Once upon a time Thomas Pynchon was my world. (Need I remind you of my disgraceful Honors Thesis?) This was about the same time music meant something to me—surely you remember? Before you bored of life and its trappings? Back when everything radiated raw, brittle vitality?
(Of course you remember. You were young once too.)
So you can imagine my elation when I discovered Pynchon had penned liner notes for some band I'd never heard of. Music and Pynchon? What could be better?
Nothing could have been better.
So I spent the better part of two months tracking down Lotion's Nobody's Cool. (This was before the Internet was the Internet we know and love. The only available options were CDNOW and a plane ticket to someplace with a decent record store.) I finally landed a copy through a book distributor I'd befriended who lived in New York but was passing through Baton Rouge on his way to a family wedding in Bunkie. This septuagenarian ventured into some independent shop in the Village for me.
Only now do I understand his sacrifice.
Point being, eventually I landed a copy of Nobody's Cool and, in my unbiased view, it was the best album ever. I listened to nothing but it for months and months and then I fell for this girl hard.
You know the rest of the story. I lent her the album in a sad attempt to impress.
She declined my bait.
I never saw the album again.
In the years since, I've longed to hear it again. Was it everything I remember it to be? (Surely not.) Was I suckered into love by Pynchon's imprimatur? (Most certainly.) Is the thing any good?
I didn't know ... until my best friend from high school visited a few weeks back. Said he had a surprise for me.
Can you guess what it was?
Of course you can. (My readers are no fools.) (Although they waste too much time here to be taken too seriously.) What does it sound like?
I'll refrain from commenting on the album, if only because you'll find Pynchon's comments below the fold ... but if "Dear Sir" or "The New Timmy" seem draped in '90s alternative cliché, try listening to "Juggernaut" or the lyrics to "Sandra." I'm making no grand claims about the quality of the album other than to say I love it ...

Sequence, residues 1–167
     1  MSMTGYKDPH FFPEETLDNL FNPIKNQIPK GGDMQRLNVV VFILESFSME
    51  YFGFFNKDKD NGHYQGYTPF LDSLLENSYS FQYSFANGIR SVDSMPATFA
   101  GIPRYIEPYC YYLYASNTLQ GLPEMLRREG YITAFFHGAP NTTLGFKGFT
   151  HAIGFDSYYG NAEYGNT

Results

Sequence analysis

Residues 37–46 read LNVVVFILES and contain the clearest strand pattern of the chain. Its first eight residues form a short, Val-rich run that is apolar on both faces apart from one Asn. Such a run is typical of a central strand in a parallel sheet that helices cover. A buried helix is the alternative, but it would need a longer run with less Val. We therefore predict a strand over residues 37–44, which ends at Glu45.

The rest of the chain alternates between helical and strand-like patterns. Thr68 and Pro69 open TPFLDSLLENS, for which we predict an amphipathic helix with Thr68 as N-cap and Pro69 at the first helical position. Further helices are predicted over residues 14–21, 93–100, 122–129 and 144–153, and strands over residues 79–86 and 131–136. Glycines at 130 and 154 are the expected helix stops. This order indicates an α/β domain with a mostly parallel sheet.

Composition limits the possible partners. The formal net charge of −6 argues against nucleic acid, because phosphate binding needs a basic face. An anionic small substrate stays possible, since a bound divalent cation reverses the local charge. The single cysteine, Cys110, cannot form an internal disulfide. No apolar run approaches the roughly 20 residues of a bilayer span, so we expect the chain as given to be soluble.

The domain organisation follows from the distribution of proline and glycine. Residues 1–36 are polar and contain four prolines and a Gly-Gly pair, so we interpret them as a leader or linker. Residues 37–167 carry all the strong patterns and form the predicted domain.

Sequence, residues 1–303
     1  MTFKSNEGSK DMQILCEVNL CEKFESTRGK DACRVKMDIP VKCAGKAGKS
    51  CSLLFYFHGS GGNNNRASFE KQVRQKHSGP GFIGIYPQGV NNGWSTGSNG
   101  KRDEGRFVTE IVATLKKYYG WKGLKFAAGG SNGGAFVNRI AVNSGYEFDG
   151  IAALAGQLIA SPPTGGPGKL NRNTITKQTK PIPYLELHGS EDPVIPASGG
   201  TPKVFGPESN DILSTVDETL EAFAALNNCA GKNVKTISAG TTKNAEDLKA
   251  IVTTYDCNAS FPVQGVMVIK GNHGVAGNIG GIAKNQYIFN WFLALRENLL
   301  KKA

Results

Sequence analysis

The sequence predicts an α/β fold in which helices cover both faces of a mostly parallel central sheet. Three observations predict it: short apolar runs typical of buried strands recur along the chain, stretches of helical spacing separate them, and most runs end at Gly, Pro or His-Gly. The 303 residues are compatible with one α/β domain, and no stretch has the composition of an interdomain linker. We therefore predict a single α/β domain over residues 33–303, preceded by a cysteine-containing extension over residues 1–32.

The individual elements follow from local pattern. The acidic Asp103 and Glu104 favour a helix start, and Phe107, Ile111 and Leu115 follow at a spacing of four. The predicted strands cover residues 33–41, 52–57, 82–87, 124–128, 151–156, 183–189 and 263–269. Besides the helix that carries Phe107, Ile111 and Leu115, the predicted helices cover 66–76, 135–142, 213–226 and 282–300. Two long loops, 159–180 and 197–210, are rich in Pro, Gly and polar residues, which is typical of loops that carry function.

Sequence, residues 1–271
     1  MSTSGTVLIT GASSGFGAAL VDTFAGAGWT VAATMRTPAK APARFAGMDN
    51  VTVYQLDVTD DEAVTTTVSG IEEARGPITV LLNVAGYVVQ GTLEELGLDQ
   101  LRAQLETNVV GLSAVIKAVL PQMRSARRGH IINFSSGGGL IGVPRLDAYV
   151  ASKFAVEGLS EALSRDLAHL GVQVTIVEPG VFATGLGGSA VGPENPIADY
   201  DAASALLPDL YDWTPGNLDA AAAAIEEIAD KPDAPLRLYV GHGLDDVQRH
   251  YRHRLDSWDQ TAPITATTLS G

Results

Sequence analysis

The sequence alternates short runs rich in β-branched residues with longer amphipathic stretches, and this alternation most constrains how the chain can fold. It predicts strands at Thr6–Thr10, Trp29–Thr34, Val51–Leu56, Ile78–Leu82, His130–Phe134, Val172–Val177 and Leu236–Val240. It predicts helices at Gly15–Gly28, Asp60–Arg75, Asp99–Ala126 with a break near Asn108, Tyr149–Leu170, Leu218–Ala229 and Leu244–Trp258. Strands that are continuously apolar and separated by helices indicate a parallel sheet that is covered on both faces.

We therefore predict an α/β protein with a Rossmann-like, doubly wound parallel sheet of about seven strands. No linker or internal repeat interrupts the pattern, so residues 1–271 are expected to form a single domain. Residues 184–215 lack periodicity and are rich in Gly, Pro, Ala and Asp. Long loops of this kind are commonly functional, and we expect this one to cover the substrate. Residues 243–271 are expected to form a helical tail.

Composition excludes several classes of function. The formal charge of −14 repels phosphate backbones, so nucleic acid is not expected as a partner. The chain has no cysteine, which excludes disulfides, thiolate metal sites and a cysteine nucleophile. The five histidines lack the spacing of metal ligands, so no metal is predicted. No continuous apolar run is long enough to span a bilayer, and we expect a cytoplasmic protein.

... but I'm all attentive and nostalgic and without fail would.
Thomas Pynchon's liner notes for Lotion's Nobody's Fool
The name of Lotion's first album is Full Isaac, which besides getting instant screams of recognition from Love Boat rerun watchers everywhere, shows an attentive nostalgia at work—not to mention some dream of an endless cruise, upon which Nobody's Cool is the next leg of the band's creative itinerary. As beneath the austerities of twelvetone music may lurk some shameless piece of baroque polyphony, so, throughout this album, beneath the formal demands of rock and roll as we have come to know it, between the metal anthems and moments of tonal drama, the darkest of surrealist lyrics, the most feedback-stricken, edge-of-chaos guitar passages, may also be detected the weird jiving sense of humor of a cruise combo, even an allegiance to the parameters thereof, the lounge chords on "Namedropper" and "Rock Chick," the bass line of "Juggernaut," so forth.
But ... it's supposed to be the Millenium here—the Apocalypse, right?—worse it's New York in the middle of a seasonal charm deficiency—and these guys are smiling? Well, not exactly. If it's a cruise gig, it sure runs through peculiar waters, full of undetonated mines from the cultural disputes that began in the Sixties, unexplained lights now and then from just over the horizon, stowaways who sneak past security and meddle with the amps causing them to emit strange Rays, unannounced calls at ports that seem almost like cities we have been to, though not quite, cityscapes that all converge to New York in some form, which is after all where these guys are from.
The recording studio is half a block from the subway. Times Square is being vacated and jackhammered into somebody's idea of an update. Next door to Peepland, up in a control room out of The Jetsons, the band, between takes, are discussing Bobby "Boris" Pickett, on whose 1962 hit "Monster Mash" it turns out Rob's substitute music teacher in elementary school played saxophone. Everybody here knows the record, not necessarily the Birth of Rap, less an influence than something trying to find a pathway through to us here in our own corrupted and perilous day, when everybody's heard everything and knows more than they wish they did. It's never certain how these things will be carried on, but mysteriously it happens. Every night, somewhere on the outlaw side of some town, below some metaphysical 14th Street, out at the hard edges of some consensus about what's real, the continuity is always being sought, claimed, lost, found again, carried on. If for no other reason, rock and roll remains one of the last honorable callings, and a working band is a miracle of everyday life. Which is basically what these guys do.
And here they are, now. Find the remote, get out the Snapple and Chee-tos, and like the Love Boat staff always sez, welcome aboard.